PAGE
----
For several years, I taught a Junior Achievement course for a fifth grade class. That program has changed, but when I was teaching it, one of the exercises during that course demonstrated the difference between Unit Production and Mass Production. The project involved the famous JA Pen. I would disassemble 30 pens and the students would build them individually and then in an assembly line process. They would then analyze their productivity rates and discuss how they felt about the two methods. One result that always surfaced was that in the mass production process, they felt more like a team than in the unit production process. As I think about that experience and the process of Content Management, I think they only felt like a team because they were in physical contact.
In our experiment, the first child would put the spring on the ink cartridge and then hand to the next person. That person put the ink assembly in the barrel. The next person installed the decorative ring, the next installed the top. The final person tested the pen. Throughout the process, the production team was handing pen parts to the next person in line.
Our current ECM project involves engineering inspection reports. An engineer plans an inspection, conducts the inspection and writes the report. An administrative assistant makes sure the report is correctly formatted, enters various document properties and returns the report to the engineer. After a final review, the engineer releases the report and the administrative assistant distributes the report to the plant, and puts a copy in our file and in the customer’s file. Because this process is done via email attachments and shared file folders, with some engineers working in different parts of the country, nobody feels like this is a collaborative process. The absence of person to person transactions reduces this process to a series of discrete steps that are often viewed as being independent. The fractured nature of this process makes it harder to design and implement an automated ECM solution, because the addition of work is often not seen in the context of its benefit. For example, if I have to set metadata when I write a report, I have more work to do. The fact that the metadata is used to automate the distribution process is not yet apparent, and that isn’t even my job!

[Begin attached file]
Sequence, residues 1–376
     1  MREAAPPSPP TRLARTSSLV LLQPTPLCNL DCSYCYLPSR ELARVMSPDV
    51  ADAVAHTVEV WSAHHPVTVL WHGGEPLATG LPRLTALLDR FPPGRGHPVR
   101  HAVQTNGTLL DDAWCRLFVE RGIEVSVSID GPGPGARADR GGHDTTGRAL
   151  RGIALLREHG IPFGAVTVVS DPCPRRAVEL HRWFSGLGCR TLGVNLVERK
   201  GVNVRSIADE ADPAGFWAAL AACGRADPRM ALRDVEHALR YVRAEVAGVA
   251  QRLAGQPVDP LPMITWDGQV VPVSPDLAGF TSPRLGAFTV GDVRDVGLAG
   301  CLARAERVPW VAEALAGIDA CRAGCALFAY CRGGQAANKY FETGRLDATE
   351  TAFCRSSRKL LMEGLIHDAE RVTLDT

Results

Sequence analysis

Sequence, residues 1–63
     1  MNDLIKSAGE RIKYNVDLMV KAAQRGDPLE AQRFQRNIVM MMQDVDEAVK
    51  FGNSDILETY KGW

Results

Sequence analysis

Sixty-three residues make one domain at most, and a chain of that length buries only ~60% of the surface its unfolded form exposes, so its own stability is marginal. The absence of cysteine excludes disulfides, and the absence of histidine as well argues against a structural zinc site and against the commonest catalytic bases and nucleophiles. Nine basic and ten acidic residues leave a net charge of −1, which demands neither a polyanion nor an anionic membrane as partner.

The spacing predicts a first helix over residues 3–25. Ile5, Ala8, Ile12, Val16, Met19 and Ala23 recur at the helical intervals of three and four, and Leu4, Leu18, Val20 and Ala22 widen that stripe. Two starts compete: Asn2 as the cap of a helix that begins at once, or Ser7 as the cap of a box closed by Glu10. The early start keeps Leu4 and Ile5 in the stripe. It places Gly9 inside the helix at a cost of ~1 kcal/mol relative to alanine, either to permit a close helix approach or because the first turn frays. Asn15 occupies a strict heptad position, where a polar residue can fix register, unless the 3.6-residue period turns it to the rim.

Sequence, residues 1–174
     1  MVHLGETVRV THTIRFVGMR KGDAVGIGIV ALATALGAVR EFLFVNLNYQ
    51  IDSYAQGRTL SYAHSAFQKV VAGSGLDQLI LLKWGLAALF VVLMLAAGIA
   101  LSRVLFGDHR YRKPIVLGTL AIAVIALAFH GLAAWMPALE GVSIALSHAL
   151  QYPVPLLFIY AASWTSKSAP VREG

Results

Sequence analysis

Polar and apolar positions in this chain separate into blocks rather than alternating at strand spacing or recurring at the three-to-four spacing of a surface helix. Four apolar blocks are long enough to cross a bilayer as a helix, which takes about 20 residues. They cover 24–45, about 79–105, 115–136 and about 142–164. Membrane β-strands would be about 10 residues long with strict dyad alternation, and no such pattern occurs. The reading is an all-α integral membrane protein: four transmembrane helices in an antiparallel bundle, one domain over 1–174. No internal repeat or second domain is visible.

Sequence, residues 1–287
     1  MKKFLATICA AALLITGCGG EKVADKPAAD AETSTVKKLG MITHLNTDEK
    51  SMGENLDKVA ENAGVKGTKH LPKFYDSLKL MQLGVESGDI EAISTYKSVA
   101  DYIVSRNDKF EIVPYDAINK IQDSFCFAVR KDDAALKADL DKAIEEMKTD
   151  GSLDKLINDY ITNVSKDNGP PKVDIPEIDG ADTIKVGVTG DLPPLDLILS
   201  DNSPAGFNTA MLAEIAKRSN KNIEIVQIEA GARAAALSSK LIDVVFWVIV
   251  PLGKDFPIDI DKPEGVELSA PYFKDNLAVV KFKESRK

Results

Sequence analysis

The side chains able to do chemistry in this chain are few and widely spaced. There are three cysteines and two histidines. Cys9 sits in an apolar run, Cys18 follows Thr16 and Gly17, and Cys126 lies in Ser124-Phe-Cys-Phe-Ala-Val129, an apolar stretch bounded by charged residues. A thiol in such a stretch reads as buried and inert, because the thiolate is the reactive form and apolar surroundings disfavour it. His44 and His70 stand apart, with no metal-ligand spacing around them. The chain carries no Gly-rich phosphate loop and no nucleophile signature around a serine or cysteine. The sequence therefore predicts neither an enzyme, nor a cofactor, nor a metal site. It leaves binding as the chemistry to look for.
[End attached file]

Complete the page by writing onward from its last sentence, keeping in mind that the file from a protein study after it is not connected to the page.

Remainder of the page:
The key to succeeding with a project like this is communication; people have to be made to understand the whole process, their various roles in the process and how the automated process will change those roles. Once they see that there is a net gain in the process, they begin to see the value of their new role. When I realize that if I set the metadata fields correctly, the administrative assistant doesn’t have to create or file the PDF copies of my document, I feel like I am collaborating; my work directly helps another person. It is also important to point out the soft benefits, like the fact that we can now instantly tell how many reports were completed this month, this quarter, this year or since any date in the past.
The challenges of building this type of process goes beyond putting the players in a room and explaining how the process works. We have to analyze the process from every vantage point and add as much benefit (hard and soft) as possible. For example, as these documents move from stage to stage, workflows create tasks for the next person. At each stage, we made the workflow clear the previous tasks so the people have one less thing to do. We are using Document Sets in this project and we carefully reviewed each metadata element to determine which ones belonged in the Set. Having the metadata in the set makes it available in all documents without having to enter it more than once. We also realized that by adding a few more elements of metadata to this library, we can eliminate a related library entirely. The workflows also update a series of date fields so this process can be tracked and analyzed in greater detail than before. This last step adds value to the manager of this process without adding any work to anyone involved.
Adding benefit, squeezing value out of every step and helping people realize the broader scope of the process they are involved in, are all part of the content management process.